It was a damp day in 2004 when a collegiate peloton slowly ascended the slender road up Mt. Philo, a forested lump in the middle of Vermont. Future lawyers, doctors, and businesspeople inched their way up the steep slope that holds a thin film of slick moss and leaves almost year round. First came the Men’s A field, then the Men’s B, and the Women’s A.
Then the Women’s B field had their shot. They were new, many trying out cycling for the first or second time. A few got off and walked. One girl rode the entire way. At the top, Megan Guarnier of Middlebury College held an insurmountable gap. She didn’t dare raise both arms when she won. She couldn’t yet ride with her hands off the handlebars.
Today, cycling fans know Guarnier by her growing list of international results, which last year included the Women’s WorldTour series overall, the Giro Rosa overall title, and the Philadelphia International Cycling Classic. Long before Guarnier became America’s best cyclist, she was just Meg from Middlebury, the girl who hitched rides to college races, the girl who won the “B” race up Mt. Philo.
Guarnier barely remembers her first victory on that soggy day in 2004. “I’m pretty sure I just tried to prove how strong I was all day,” she says. “And I remember it being rainy and cold that day, too. That gives you incentive to sit on the front, at least for me, personally. I think it was a small group into the base. And then you just go.”
A forgotten victory atop an unknown hill like Mt. Philo is how a great champion’s origin story always begins. Youthful exuberance and untapped talent combine into victory at the first opportunity. It’s a story that often repeats itself in women’s cycling, where supreme natural talent boosts a racer to the pinnacle of the sport after just a few years on the bike.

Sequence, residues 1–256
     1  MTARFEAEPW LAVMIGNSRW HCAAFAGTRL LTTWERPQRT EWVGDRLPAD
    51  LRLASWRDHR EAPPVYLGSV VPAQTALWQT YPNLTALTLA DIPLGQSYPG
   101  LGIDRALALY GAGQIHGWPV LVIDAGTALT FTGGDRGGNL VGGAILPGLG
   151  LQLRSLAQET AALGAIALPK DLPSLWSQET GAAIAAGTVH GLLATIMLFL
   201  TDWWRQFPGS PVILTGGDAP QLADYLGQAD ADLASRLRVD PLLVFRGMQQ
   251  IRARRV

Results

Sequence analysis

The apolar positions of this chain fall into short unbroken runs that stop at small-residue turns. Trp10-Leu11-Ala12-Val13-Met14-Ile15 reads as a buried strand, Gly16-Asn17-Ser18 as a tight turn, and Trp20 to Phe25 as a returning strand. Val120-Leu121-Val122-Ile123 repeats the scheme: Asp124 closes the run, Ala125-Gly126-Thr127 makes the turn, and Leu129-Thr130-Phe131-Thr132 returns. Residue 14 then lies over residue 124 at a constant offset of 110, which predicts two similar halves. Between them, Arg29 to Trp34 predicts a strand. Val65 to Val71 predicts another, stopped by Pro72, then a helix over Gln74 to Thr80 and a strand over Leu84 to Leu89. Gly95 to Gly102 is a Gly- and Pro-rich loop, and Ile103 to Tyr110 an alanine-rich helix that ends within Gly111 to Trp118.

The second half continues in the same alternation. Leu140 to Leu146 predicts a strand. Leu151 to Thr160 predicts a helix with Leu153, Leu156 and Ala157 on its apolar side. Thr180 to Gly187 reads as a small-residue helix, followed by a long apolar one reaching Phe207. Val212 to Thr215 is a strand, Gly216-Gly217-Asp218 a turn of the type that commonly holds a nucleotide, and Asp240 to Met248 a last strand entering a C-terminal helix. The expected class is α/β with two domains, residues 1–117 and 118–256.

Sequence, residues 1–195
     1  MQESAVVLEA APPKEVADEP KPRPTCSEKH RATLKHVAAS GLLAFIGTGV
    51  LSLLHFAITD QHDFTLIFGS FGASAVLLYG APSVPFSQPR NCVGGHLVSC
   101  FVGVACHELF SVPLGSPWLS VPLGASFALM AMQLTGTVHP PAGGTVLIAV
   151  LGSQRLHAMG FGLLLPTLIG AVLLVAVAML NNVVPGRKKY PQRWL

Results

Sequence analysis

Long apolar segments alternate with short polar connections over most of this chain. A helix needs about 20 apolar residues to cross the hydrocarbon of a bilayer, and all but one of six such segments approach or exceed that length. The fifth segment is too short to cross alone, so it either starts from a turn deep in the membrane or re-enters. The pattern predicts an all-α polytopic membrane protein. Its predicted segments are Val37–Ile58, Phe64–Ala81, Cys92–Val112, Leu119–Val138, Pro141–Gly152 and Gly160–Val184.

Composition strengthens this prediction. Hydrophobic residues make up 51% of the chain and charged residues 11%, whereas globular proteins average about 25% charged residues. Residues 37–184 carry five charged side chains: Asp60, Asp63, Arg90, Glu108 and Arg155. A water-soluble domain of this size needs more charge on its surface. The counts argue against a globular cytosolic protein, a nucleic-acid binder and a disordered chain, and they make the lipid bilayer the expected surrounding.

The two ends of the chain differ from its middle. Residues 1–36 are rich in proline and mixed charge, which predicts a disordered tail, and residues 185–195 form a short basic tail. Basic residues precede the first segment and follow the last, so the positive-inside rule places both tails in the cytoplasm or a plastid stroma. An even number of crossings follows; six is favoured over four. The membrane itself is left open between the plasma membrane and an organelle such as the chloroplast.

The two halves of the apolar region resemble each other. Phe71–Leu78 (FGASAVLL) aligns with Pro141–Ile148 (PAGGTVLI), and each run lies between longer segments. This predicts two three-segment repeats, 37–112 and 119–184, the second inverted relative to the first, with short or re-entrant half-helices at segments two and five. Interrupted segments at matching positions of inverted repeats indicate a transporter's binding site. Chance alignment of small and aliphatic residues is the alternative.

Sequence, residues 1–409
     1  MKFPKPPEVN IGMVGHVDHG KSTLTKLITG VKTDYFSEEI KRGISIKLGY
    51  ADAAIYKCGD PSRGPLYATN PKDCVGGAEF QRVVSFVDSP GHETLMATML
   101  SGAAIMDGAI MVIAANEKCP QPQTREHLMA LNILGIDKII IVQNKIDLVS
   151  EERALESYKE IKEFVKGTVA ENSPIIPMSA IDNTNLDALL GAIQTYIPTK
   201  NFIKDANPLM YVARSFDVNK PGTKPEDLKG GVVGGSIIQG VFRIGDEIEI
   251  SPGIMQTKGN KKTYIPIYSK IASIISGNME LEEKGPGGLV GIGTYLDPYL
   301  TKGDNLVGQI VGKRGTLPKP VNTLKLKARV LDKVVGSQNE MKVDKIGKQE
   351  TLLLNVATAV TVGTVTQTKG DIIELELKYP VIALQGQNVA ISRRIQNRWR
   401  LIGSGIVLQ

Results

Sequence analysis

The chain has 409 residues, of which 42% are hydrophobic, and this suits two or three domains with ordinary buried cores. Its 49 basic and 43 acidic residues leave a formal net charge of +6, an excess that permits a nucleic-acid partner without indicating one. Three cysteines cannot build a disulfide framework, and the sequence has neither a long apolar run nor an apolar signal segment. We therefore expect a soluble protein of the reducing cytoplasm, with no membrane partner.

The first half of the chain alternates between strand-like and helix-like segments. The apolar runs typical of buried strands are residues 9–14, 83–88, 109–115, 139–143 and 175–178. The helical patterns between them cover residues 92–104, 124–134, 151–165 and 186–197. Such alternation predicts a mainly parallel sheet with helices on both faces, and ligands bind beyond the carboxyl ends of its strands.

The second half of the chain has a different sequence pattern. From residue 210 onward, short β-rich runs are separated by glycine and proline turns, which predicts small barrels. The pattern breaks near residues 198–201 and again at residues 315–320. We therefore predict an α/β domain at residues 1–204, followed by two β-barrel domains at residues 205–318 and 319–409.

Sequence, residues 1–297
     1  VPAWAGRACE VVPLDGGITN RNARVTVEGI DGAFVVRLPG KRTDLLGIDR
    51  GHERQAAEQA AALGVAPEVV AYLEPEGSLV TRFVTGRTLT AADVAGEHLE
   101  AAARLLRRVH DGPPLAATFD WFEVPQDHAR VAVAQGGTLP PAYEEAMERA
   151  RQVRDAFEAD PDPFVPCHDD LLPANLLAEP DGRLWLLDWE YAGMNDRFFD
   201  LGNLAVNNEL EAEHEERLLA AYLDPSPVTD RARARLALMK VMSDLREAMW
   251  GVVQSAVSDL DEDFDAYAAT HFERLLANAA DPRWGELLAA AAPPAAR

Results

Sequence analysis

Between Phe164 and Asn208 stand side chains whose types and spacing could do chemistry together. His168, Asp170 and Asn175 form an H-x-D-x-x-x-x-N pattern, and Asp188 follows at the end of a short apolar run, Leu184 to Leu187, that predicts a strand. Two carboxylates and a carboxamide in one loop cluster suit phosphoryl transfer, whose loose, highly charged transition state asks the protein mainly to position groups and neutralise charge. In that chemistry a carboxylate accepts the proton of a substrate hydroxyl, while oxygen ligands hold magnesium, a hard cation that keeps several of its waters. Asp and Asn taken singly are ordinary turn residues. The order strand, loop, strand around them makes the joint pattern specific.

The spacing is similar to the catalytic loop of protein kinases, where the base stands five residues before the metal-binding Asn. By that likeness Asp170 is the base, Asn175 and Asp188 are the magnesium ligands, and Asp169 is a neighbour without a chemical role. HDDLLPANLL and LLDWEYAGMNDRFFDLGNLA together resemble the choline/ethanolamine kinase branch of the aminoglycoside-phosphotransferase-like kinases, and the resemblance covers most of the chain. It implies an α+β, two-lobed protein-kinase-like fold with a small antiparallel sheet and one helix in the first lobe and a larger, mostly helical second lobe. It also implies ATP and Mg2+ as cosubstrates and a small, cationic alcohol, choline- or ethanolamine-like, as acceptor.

“I’m not doing this for the money, and I think if I was doing it for the money and the attention it would be a different story. But I’ve been doing it for self-gratification, to keep being better.”
That’s where Guarnier’s story diverges. Nobody on the flanks of Mt. Philo that day could have predicted that, 13 years later, the B category winner would be the best American cyclist, male or female. And as years went by, and Guarnier progressed from collegiate racer to low-level professional, her career arc seemed destined for modest heights, not otherworldly success. While more talented female racers exploded onto the pro scene, Guarnier burned like an ember, gaining strength slowly, always grasping higher. Eventually she became a world-beater — but it took time.
Cycling fans are conditioned to believe that elite athletes are born, not made. Preternatural talents rise like shooting stars, making the impossible look easy. But that story is not Guarnier’s story. She was made into one of the world’s best cyclists, not born as one. And once she became a great cyclist, she avoided the limelight that comes with success, instead embracing her introverted personality. When you talk to those who know Guarnier best, they believe it’s her personality that makes her different, and so very good.
GUARNIER AGREES TO MEET at a coffee shop in her hometown of Glens Falls, New York, three hours north of New York City. It’s the day before Thanksgiving. She arrives with her husband Billy, a software salesman.